We have told you in the past about the escalation of ramp inspections in Mexico over the past year. There have been several interesting developments over the past few months that have made this topic go from a nuisance to a full-blown operational concern going forward.

The following has been published by Manny Aviation, an established ground handler in Mexico.

“Civil Aviation Authority in Mexico (fka DGAC) has changed its name to AFAC (Civil Aviation Federal Agency) as of October 16th. As part of its change, part of broader overhaul authorities are undergoing, some departments within the agency have changed the way they operate and some procedures are being modified.

Unfortunately, it is yet too soon to brief you accurately on specific changes. Moreover, some changes might be overturned in the end due to its lack of practical application. What we can share with you so far is the following:

  • INSURANCE – The department in charge of Insurances and Bonds has a new person in charge. The criteria for the validation and acceptance of Mexican insurance policies as well as Worldwide insurance policies, are now more strict.

Mexican Insurances for one are being required in Original as most policies have been rejected if signatures are blurry, a payment receipt is missing, or a hard color print is noticeable, for instance.

Worldwide Insurance policies are now required to be submitted in full, where coverage, proof of payment as well as aircraft details are clearly shown. Certificates of Insurance, on the other hand, are being rejected mostly when they make clear reference to a policy number, thus making AFAC ask for the Insurance Policy in reference rather than the certificate.

  • Power of Attorney – In the past, and given the relentless nature of unscheduled aviation, a simple copy of a signed power of attorney was sufficient to prove legal representation of an operator and gain the ability to submit applications, start and follow up on processes like landing authorizations, etc. on each company’s behalf. Now, and promoted by the same attorney in charge of Insurances and Bonds, a POA also requires to be in original, but also notarized and apostilled. As of now, this has been a request which has not been made official. Furthermore, for single landing and next day/short notice operations, a digital copy (still, notarized!) is being submitted and a commitment is made to provide the Original with its corresponding apostille to their central office once available.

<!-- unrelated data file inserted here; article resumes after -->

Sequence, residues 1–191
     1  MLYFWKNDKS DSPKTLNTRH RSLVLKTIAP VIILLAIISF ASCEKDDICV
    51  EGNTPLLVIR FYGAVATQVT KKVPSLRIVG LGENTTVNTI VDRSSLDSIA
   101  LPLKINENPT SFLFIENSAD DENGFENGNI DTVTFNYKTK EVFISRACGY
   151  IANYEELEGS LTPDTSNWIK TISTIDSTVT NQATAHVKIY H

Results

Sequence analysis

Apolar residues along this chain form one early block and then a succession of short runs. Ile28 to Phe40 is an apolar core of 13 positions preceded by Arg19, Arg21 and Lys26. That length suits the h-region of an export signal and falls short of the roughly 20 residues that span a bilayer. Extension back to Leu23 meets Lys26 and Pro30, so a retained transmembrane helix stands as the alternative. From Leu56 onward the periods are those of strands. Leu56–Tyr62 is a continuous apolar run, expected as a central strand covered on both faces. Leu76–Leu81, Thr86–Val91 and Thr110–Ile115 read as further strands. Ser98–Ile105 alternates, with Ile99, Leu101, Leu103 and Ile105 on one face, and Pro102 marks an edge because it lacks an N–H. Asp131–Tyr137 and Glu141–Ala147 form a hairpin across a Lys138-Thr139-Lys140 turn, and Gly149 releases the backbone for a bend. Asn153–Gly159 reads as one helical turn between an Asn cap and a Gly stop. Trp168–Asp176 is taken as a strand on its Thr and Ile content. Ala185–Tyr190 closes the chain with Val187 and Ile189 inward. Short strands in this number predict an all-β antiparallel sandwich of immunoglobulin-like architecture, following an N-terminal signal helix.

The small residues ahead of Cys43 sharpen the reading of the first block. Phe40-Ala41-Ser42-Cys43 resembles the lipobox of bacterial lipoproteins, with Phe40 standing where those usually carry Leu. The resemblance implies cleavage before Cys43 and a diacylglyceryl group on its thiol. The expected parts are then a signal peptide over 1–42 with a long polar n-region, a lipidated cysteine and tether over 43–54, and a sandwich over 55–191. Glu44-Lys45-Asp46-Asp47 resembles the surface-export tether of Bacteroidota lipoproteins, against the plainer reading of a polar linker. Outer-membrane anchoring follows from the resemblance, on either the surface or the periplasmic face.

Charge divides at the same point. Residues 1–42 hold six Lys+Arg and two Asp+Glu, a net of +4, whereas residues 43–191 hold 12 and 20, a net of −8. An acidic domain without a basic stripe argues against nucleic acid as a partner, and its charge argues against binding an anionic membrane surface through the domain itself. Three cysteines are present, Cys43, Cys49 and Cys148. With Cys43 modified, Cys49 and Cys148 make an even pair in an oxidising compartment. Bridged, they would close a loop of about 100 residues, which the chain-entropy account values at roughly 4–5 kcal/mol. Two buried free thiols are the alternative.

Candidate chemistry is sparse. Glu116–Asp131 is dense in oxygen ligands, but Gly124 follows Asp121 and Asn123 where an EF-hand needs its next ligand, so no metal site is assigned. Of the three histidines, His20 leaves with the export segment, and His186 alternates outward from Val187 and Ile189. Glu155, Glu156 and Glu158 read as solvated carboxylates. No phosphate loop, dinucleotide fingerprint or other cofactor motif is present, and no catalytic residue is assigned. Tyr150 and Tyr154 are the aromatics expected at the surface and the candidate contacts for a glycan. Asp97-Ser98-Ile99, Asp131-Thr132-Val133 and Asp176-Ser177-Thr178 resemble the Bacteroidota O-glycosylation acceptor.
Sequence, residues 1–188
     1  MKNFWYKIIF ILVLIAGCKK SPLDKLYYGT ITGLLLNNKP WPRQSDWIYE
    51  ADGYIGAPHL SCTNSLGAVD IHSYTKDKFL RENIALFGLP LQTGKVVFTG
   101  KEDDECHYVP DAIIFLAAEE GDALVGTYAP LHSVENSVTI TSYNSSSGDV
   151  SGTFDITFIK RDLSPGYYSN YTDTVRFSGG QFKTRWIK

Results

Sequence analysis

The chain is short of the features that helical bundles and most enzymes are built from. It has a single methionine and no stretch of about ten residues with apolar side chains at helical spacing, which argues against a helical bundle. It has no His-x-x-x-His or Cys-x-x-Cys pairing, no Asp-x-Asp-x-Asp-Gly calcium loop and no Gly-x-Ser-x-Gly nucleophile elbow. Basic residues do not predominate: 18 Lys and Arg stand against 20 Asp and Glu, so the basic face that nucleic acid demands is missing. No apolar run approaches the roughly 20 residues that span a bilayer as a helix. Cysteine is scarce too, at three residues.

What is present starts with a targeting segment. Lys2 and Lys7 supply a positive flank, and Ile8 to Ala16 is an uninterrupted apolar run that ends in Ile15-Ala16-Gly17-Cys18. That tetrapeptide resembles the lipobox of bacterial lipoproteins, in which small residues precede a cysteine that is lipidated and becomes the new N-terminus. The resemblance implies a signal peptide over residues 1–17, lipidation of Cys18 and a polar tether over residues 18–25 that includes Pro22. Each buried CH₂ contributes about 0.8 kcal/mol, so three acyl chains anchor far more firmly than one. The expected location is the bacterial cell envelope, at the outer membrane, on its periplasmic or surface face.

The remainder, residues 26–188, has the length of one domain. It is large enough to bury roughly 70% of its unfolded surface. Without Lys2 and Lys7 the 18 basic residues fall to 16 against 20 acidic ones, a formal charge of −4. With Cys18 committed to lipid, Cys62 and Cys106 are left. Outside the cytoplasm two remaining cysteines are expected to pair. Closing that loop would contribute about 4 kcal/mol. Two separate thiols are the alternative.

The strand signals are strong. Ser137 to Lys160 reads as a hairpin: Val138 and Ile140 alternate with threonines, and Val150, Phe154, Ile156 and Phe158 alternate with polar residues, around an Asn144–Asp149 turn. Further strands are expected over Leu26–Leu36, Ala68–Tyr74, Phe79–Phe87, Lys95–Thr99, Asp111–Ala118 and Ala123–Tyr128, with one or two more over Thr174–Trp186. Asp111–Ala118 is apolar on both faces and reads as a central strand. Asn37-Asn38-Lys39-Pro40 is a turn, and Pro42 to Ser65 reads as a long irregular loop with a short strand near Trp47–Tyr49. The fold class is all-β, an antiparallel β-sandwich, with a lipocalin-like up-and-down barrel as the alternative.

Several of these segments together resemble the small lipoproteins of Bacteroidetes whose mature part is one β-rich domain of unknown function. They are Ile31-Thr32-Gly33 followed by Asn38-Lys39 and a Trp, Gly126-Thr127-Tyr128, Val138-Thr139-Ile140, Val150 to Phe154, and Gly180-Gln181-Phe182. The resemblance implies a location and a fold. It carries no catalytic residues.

About the above, there’s something worth to mention: Both points are considered, based and protected by the law. They were not duly enforced or there were times with a more lax criteria that clearly was implemented to keep the planes coming and avoid further delays. Yes, it is still the same playbook, just different interpretations of the rules.

Finally:

  • Aircraft documents – Not much has changed in this regard, with the exception of the Insurances as mentioned above. The following docs must ALSO be on board for all flights:
  1. Aircraft Registration and Airworthiness *Original needed*
  2. WW Insurance*Original needed*
  3. AOC
  4. Radio License
  5. Medical certs for PIC and SIC*Original needed*
  6. PL for PIC and SIC
  7. Mexico Insurance(Commercial) *Original needed*
  8. Department of Transport Ops Specs 4507 form
  9. (PLEASE always make sure it’s the most up to date)
  • SINGLE LANDING AUTHORIZATIONS (ONE TIME SHOTS) – Saved the best for last. AFAC seems to be aiming to reduce or eliminate the ability for one time authorizations. In the past and for a long time, an operator could obtain as many as 5 authorizations before CAA deemed necessary or mandatory, to start the process for an Indefinite Blanket Permit should the operator need to continue flying into Mexico. The number was then reduced to 3, back to 5, and all of this with no change, update or executive order whatsoever. It just became a common practice. Now, we have been notified, reminded rather, about the need to start and obtain an Indefinite Blanket Permit should the operator need to continue flying into Mexico after that Single Shot. A “single shot” will soon be just that. It is imperative to be proactive and start due process in all instances it becomes necessary. As a reminder, once the process has been started, landing authorizations could be obtained on a case by case basis while the permit is undergoing and until it is issued.”

 

 

Subsequent to this notification, the following additions and clarifications came out of Mexico from Manny Aviation.